Senufo helmet-mask, Côte d'Ivoire
More than any other "fetish", such as the anthropomorphic figures loaded with medicinal substances or spiked with blades and nails, the Kponyugo arouses fear and fascination. Born of an accumulation of images invoking the surrounding forces, its aesthetics are out of the realm of our classification. Shrouded in secrecy and forming a very rare corpus - which includes this eloquently powerful mask - the Kponyugo epitomizes an institution, which, in various forms, has spread throughout the West African savanna.
Known mostly through the writings dedicated to the Bamana initiation society of the Komo, this powerful association "holds many secrets, practices and esoteric knowledge about the relationship between Man and the world. [It] acts as a police force to fight crime, but also as a judicial body to resolve cases facing the community. [It] also offers initiates a protection against disease, misfortune, the actions of malicious spirits and those of antisocial sorcerers" (McNaughton in Colleyn, Bamana, Un art et un savoir-vivre au Mali, 2002, p. 175). As Susan Elizabeth Gagliardi superbly demonstrated in the exhibition catalogue for Senufo: Dynamics of Art and Identity in West Africa (Cleveland Museum of Art, 22 February - 31 May 2015), this institution transcended the borders created by colonial partition and established itself both in Bamana (Mali) societies and in those traditionally referred to as Poro in Senufo country (Côte d'Ivoire).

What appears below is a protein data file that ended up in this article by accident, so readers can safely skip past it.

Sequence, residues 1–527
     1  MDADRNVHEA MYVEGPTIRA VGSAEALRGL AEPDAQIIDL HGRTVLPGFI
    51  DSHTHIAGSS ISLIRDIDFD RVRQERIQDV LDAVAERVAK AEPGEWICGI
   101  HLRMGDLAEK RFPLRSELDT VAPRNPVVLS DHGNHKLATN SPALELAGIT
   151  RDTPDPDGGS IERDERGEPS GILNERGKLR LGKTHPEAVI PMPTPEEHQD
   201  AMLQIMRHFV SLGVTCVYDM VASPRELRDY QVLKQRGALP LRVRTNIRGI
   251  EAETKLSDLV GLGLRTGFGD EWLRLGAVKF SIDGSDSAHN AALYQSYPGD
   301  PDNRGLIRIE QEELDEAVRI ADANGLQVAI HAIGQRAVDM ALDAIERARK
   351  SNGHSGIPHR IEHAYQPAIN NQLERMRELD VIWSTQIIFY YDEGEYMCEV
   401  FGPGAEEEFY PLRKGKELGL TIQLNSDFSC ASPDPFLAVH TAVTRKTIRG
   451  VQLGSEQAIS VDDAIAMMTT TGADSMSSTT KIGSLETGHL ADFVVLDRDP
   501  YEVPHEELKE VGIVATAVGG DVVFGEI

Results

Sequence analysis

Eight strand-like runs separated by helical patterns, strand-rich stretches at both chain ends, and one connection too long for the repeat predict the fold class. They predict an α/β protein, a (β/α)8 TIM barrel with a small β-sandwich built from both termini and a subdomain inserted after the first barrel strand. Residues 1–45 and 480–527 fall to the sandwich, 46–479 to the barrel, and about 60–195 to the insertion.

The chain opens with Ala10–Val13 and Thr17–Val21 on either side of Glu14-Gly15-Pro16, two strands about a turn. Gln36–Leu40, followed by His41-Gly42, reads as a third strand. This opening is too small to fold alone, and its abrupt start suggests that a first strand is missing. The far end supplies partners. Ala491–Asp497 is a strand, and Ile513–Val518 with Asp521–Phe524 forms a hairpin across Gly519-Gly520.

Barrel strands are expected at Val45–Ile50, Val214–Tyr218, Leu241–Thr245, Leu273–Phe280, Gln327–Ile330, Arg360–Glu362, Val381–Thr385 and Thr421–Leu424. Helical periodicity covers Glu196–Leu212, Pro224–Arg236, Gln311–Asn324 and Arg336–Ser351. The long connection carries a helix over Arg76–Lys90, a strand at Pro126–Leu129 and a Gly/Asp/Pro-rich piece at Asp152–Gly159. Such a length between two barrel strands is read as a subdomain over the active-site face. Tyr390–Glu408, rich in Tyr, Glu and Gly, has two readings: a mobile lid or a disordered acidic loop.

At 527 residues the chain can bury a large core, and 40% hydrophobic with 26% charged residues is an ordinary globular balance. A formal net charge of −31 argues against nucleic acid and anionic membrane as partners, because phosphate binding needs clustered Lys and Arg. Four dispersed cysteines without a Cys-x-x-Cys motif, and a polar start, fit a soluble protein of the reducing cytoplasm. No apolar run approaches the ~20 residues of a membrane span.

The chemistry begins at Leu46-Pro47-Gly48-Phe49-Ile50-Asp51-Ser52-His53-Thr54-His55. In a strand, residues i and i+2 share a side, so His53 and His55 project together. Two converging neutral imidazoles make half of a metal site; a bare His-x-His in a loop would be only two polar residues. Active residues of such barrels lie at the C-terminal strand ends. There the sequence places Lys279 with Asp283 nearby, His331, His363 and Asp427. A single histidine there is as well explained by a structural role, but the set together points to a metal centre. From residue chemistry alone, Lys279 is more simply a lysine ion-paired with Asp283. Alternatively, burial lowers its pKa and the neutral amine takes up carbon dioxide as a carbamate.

The Frobenius drawing of a "Senufo Komma [probably Komo] mask", the mask in the Dallas Museum of Art (Gagliardi, ibid, p. 258), and the mask presented here are all wonderful illustrations of McNaughton’s description of "Magnificently horrific helmet masks [...] [which] accumulate animal motifs and organic matter in a dramatic composition that is part bird, part hyena, part crocodile, part antelope and many other creatures. [Their strength] is built up through a series of regular sacrifices, the residue of which, forming a crust on the surface of the mask, makes them more and more terrifying to contemplate" (McNaughton, ibid, p. 179-180). The mask offered here also stands out for the iconic figure atop the head, which seems to marshal the formidable forces it is up against.
Matta, in his Totems and Lam in his Jungles, gave a breathtaking interpretation of this singular universe, which was born of an ancestral tradition already "firmly established when the Mali Empire was built" and which, in its expansion, gave rise to the "associations that became [in present day Côte d'Ivoire], what we now know as the Poro" (ibid, p. 182).
Please call 1-800-555-5555 to order a print catalog for this sale.
Online Registration to Bid is Closed for this Sale. Would you like to watch the live sale?Watch Live Sale